Tag Archives: SP

Faces of the First Red Scare

As part of the ongoing research for my book on the global history of immigrant radicals who were deported during America’s First Red Scare, I have posted brief profiles of 761 (and counting) individual deportees I have identified. This list is a work in progress, and some entries will be updated as I obtain additional sources.

Who is included:

This list includes radicals and suspected radicals who were deported between 1918 (following America’s entrance into the First World War) and 1925, when the last of the foreign-born radicals arrested between 1917 and 1920 were expelled, some after serving prison sentences. It includes both those who were deported by government order and those who were ordered deported but “voluntarily departed” at their own expense with the government’s consent (both categories were included together in US government deportation statistics). It does not include those who fled the country to avoid arrest or deportation. It includes both individuals deported for belonging to legally-defined “anarchistic classes,” and others who were suspected of radicalism but deported on other grounds (most commonly for entering the country without inspection or being retroactively deemed “likely to become a public charge” at the time of their entry).

This is not a complete list. In the fiscal years (June-July) 1918-1926, the United States deported 979 aliens as “anarchists,” and an unknown number of additional radical immigrants under other statutes. The largest single group of deportees, composed of 242 alleged radicals (as well as seven unrelated deportees) departed on the USAT Buford on December 21, 1919. However, it appears that no complete list of Red Scare deportees was produced by either the Bureau of Immigration or the Bureau of Investigation. I have instead had to rely on partial lists and mentions of individual cases included in these organizations’ files, congressional testimony, radical publications, newspaper reports, and other sources.

How to use this site:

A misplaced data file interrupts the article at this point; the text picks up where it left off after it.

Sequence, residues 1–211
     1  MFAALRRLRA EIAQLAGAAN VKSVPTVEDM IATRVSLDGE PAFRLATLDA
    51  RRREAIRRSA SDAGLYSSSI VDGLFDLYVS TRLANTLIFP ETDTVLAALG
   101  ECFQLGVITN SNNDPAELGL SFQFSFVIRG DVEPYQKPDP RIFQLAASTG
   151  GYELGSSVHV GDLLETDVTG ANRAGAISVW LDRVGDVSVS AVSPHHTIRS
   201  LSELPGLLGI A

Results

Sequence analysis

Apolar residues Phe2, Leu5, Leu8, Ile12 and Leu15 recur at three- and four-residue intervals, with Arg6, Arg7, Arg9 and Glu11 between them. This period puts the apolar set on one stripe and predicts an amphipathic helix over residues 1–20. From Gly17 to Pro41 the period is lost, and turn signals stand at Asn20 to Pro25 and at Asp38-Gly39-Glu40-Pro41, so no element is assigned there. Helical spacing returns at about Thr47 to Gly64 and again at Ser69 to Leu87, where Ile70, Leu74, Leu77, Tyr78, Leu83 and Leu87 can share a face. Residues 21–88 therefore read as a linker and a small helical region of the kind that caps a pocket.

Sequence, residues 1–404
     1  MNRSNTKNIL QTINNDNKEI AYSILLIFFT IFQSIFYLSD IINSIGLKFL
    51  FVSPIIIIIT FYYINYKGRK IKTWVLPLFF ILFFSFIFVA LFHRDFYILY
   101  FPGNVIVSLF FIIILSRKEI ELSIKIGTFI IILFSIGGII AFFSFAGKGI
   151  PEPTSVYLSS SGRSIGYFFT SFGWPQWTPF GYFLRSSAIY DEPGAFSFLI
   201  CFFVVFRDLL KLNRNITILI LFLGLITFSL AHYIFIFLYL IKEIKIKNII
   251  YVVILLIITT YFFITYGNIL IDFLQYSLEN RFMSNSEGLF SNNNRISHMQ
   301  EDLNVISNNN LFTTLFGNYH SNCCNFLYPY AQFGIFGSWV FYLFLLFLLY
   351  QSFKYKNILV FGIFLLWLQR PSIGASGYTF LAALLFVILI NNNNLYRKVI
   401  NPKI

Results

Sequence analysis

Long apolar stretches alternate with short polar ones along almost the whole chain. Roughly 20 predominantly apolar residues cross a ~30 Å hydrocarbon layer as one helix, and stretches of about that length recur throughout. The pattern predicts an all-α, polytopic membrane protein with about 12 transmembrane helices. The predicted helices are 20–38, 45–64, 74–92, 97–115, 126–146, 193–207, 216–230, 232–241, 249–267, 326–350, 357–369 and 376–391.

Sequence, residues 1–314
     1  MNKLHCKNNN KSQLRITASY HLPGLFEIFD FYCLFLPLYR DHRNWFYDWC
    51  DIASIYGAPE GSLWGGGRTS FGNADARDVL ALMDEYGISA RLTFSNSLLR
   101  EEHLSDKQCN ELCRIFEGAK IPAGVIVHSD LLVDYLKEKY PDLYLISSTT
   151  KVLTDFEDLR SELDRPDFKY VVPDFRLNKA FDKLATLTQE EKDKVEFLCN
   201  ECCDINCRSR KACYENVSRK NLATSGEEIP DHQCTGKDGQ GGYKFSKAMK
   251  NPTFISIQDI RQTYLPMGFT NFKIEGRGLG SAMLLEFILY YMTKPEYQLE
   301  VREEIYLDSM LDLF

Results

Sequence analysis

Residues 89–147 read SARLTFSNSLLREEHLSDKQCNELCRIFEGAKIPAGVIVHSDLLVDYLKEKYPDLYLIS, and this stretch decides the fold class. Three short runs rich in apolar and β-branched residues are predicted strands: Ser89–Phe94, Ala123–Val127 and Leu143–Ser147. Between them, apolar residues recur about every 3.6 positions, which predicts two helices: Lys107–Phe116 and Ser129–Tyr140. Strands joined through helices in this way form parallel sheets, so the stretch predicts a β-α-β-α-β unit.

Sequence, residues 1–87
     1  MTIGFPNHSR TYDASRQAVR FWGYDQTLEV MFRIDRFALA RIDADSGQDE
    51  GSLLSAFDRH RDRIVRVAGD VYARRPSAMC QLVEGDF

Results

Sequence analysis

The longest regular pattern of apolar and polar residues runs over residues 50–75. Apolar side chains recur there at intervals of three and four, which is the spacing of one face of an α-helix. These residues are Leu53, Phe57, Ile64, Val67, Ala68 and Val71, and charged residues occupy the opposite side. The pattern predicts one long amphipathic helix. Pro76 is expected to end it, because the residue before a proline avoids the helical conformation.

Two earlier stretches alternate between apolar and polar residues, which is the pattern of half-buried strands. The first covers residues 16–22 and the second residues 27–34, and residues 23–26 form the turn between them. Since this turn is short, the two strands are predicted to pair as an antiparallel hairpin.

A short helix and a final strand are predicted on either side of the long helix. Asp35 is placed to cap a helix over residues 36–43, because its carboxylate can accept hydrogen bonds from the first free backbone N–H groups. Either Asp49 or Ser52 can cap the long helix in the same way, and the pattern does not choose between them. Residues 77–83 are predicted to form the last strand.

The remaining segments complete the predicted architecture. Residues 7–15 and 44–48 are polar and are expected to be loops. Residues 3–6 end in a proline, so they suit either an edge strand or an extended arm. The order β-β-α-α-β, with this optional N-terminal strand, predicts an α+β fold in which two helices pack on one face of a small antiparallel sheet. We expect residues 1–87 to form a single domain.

Profiles have been posted in small batches. They are organized in alphabetical order by last name, followed by alternate spellings and pseudonyms in parentheses. (The Cyrillic spellings of Russian names are generally my best guess; American sources from the era were wildly inconsistent in their spellings of such names. The same is true of the transliteration of Chinese names in the Roman alphabet.) You can also browse the Index of Names.

Birth years are often approximate, usually having been calculated from an individual’s age at the time of their examination by immigration authorities, and some may therefore be off by a year.

You can search by individuals’ nationalities (country of birth and, in some cases, ethnicity [i.e. Jewish, Lithuanian, etc.]) by using the tags above.

Occupations describe the individuals’ employment in the US, not necessarily the work they engaged in before arrival or after their deportation.

Political affiliations represented include the syndicalist Industrial Workers of the World (IWW), the anarcho-syndicalist Union of Russian Workers of the United States and Canada (URW); the anarchist Partido Liberal Mexicano (PLM); anarchists unaffiliated with larger organizations; the Communist Party of America (CP); the Communist Labor Party (CLP); the Socialist Party of America (SP); the Socialist Labor Party (SLP); and unaffiliated socialists. You can search by political affiliation by using the tags above.

You may also use the “Search” box at the top of the page to look for individual names, locations, etc.

The main sources used for compiling these profiles are case files from the Records of the Immigration and Naturalization Service (INS), Record Group 85, National Archives and Records Administration, Washington DC; the Old German Files (OG) and Bureau Section Files (BS) of the Records of the Federal Bureau of Investigation (FBI), Record Group 65, National Archives and Records Administration, College Park, MD (as digitized at fold3.com); and (for Italians) the Casellario Politico Centrale (CPC), Archivio Centrale dello Stato, Rome, Italy.

A special thanks to Molly Thacker, who photographed dozens of INS files for me; Malcolm Archibald, who has translated a number of Russian-language sources; D.J. Alperovitz, who has provided photographs of several IWW members; and the dozens of other archivists, translators, activists, and colleagues who have helped me locate, acquire, and read material from across the globe while undertaking this research.

Finally, if you have additional information about any of the deportees, or spot an error, please contact me!

Balick to Baritz

Vasiliy Balik (Василий Балик, Wasily Balick or Bilicki)

Born 1896, Kiev, Russia (present-day Ukraine). Laborer; migrated to US 1913. Employee of Remington Arms Union Metallic Cartridge Company, Bridgeport, CT. Joined of Union of Russian Workers August 1919; arrested September 1919, Hartford, CT. Deported on the Buford. Subsequent activities unknown.

INS file 54709/389

Ugo Balzano